But their presence in the Chicago Sanitary and Shipping Canals is the closest the species has come to entering any of the Great Lakes. The man-made canals connect the Illinois and Mississippi rivers to Lake Michigan, providing a route for the invasive species to the lake. The carp are held back by an electric barrier that has so far been successful, but their population south of the barrier continues to grow.
Biggert, of Hinsdale, and Durbin, of Springfield, have been fighting to solve this issue for years. Together they have secured more than $25 million in federal funds to keep Asian carp out of the Great Lakes. The state of Illinois has contributed even more funding.
"It's expensive," Biggert said. "And now we're facing spending cuts and a moratorium on earmarks, so we'll see what happens with the funding."
There is much debate over the best way to solve the problem. A lawsuit has been filed by every Great Lakes state except Illinois to close the Chicago locks that allow flow of water, and potentially Asian carp, between Lake Michigan and the Chicago Sanitary and Shipping Canal.
The lawsuit has been struck down once by a federal judge but remains in play. Biggert argues that shutting the locks would not only cause flooding of 51 Chicago suburbs, but it also could have a disastrous effect on the Chicago economy. Barge traffic, which delivers key commodities such as asphalt, salt and oil, to Illinois cities would stop. Local leaders who salt their roads during the winter have expressed concern to Biggert's office about increased price of salt. Gas prices would stand to increase as well, opponents of the lawsuit contend.
Lawmakers also say the carp could affect water quality, citing the murky Illinois River, filled with Asian carp, as an example. Those in the business, however, are not so concerned about this prospect.
Terry McGhee is the interim director of the DuPage Water Commission, which serves more than two dozen municipalities in DuPage County with Lake Michigan water.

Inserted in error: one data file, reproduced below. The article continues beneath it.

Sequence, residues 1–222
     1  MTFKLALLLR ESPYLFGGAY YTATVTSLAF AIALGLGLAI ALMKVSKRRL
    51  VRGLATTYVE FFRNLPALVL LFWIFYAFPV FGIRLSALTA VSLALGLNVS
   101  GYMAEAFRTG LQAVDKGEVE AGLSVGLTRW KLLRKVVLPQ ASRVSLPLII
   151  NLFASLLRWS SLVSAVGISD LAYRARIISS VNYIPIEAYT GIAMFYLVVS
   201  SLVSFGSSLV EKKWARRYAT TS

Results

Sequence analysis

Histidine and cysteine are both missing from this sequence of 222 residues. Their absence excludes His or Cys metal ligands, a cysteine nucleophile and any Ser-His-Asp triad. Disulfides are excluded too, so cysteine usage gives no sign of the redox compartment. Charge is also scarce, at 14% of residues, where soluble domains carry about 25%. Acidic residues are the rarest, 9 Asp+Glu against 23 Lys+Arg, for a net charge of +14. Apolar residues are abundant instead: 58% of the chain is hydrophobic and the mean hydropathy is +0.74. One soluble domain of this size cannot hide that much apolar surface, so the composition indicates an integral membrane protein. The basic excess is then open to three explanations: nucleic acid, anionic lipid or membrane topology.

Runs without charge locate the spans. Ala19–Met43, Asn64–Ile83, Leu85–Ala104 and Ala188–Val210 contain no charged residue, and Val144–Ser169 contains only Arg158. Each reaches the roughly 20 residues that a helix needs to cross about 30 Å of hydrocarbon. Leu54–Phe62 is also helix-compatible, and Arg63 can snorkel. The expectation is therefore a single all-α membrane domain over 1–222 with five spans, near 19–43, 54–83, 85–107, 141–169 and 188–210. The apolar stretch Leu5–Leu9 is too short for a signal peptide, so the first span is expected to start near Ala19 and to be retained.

"It does not concern me as a water provider," McGhee said. "The city of Chicago's water treatment system can handle it."
There was similar concern when zebra mussels, another invasive species, came to Lake Michigan, but they have not proved to be a substantial problem for water supply or quality. Like the carp, they actually make water cleaner, which McGhee said makes it harder to treat.
"I know that's a little contradictory, but when the water's not as clean it's easier to treat," he said.
While many have expressed concern about Asian carp entering Lake Michigan, others think the issue needs refocusing.
Kirby Marsden, president of the Illinois Commercial Fishing Association, says the real problem is in the Illinois and Mississippi rivers, where he says Asian carp make up 95 percent of the population in some places.
"There's big devastation that nobody's looking at," Marsden said. "They've done what needs to be done for the lake; now it's time to put the money downstate and fix the problem."
As Asian carp have crowded out native species in the rivers, they have also deteriorated the economies of those towns that rely on fishing for income and jobs. According to Marsden, the fish are easy to catch. He believes the best solution is to develop a market to sell and get rid of the fish.
In July, Gov. Pat Quinn announced an agreement to catch and sell the fish to China. He says, "If you can't beat 'em, eat 'em."
Biggert wants to get rid of the fish using the latest science and technology, such as bubble barriers and rotenone, a poison that kills only the carp. The Army Corps of Engineers is still studying these methods.
Other Illinois representatives also have worked to solve the Asian carp problem. Congressman Peter Roskam, a Republican from Wheaton, requested federal funding for a barrier in fiscal year 2010. Congressman Randy Hultgren, a Republican from Winfield, said he supports last year's Asian Carp Prevention and Control Act, which defined Asian carp as an invasive species, and looks forward to working with other congressmen to protect the Great Lakes.
Biggert plans to meet with the new Illinois delegates in the next couple of weeks to brief them on the issue.